Give Athletics Credit, Literally


By Gary Walters, Princeton University


The following was presented as a speech to the Princeton University Varsity Club in May.

As director of athletics, let me share with you what amounts to my athletics commencement address. I hope my theme isn’t too sobering, considering the festive nature of this banquet.

At past PVC banquets, a common refrain from many of our speakers and recipients has been that the athletics experience at Princeton is inherently co-curricular. Most, if not all, student-athletes and past participants feel in their collective souls that the athletics experience was every bit as educational as the classroom experience.

Jon Veach, a starting tailback and captain on our football team who graduated in 2005, wrote a paper for Professor Hal Feiveson, in which he stated:

“The reason athletes put so much time and dedication into athletics is because the athletes do not view varsity athletics as simply an extracurricular activity but rather a vital part of their life and an intense learning experience. I have been an athlete since I was 8 years old, and I can honestly say that the summation of my athletics experiences to this point has prepared me for the hard times of my life better than any other experience. Varsity athletics are embedded with an abundant number of life lessons, values and striking comparisons to the real world. I believe so strongly in these values that I feel varsity athletes should be given some type of academic credit for the countless hours of training and learning.”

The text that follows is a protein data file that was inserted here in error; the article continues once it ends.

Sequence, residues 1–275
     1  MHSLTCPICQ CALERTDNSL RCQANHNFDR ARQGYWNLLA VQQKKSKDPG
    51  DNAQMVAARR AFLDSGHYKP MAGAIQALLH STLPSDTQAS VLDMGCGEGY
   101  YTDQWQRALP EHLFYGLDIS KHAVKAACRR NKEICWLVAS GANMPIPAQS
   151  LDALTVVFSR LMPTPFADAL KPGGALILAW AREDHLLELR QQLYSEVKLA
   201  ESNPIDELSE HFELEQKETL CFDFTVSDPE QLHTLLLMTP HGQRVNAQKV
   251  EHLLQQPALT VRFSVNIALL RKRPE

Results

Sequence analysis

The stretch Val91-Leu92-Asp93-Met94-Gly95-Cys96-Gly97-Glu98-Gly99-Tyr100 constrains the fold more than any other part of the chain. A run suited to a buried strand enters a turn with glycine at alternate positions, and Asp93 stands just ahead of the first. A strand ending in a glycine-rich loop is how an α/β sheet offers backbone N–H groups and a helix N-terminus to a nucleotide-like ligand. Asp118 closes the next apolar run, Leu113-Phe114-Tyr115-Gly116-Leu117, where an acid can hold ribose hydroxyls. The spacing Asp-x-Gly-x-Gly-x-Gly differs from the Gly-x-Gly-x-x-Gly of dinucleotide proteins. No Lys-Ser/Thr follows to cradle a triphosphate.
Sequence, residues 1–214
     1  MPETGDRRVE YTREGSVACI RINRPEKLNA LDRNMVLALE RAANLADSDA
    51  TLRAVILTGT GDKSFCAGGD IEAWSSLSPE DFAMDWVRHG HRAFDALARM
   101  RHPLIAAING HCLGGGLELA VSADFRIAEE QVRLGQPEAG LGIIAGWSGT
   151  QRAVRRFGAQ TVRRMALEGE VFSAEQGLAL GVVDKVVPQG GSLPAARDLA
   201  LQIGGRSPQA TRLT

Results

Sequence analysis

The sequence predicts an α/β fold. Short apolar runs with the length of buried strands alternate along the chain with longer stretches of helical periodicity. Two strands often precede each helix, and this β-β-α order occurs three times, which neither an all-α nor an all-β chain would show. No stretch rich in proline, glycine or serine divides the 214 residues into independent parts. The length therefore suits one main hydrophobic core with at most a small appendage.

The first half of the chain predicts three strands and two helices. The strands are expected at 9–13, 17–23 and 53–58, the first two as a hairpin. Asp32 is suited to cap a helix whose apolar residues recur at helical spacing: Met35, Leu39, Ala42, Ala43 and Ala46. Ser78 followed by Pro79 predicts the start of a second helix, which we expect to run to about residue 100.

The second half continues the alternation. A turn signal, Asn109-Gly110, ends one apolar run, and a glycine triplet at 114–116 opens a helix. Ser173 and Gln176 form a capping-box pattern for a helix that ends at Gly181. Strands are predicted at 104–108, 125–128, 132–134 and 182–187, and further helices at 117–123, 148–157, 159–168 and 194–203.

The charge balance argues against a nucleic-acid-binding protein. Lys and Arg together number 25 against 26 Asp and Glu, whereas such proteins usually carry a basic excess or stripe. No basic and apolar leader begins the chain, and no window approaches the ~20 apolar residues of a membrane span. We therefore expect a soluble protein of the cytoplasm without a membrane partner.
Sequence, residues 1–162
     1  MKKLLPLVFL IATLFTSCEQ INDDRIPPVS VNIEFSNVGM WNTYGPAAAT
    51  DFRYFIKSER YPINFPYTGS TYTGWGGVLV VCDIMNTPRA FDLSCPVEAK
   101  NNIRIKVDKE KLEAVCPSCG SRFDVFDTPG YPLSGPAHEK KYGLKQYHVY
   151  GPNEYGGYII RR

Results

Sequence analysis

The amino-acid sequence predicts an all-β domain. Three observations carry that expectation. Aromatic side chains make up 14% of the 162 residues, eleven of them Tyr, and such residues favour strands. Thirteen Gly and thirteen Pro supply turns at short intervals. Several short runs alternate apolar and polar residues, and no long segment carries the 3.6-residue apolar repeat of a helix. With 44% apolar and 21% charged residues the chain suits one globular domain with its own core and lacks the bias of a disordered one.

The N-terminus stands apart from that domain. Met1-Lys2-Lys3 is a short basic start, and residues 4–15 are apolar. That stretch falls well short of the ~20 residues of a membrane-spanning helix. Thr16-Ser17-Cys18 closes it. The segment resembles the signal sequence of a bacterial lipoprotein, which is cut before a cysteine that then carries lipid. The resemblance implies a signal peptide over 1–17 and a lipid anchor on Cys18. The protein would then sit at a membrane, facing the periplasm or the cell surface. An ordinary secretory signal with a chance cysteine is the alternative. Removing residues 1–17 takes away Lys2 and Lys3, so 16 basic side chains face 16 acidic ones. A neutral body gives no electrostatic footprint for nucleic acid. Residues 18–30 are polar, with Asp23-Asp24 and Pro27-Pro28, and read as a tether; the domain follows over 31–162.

Jon’s comments provoke the question: Is it time for the educational-athletics experience on our playing fields to be accorded the same educational and academic respect as the arts? Isn’t it, as I believe, a co-curricular activity, too?

On January 20, 2006, President Shirley Tilghman proudly presented to the board of trustees the President’s Arts Initiative, a vision for Princeton that includes an arts neighborhood, expanded programs in the creative and performing arts, and a commitment to integrating those offerings into a broader liberal education.

The president stated that Princeton “fully embraces the creative and performing arts as an essential part of the educational mission.” The president further pointed out that “by participating in the arts, our students develop cognitive abilities and forms of intelligence that complement training in other disciplines, and in some cases they discover and develop talents and interests that will shape their careers and principal avocations.”

Pulitzer Prize-winning poet Paul Muldoon has been appointed by President Tilghman as the new chair of the arts initiative. As Princeton’s own Poet Laureate, Professor Muldoon commented that: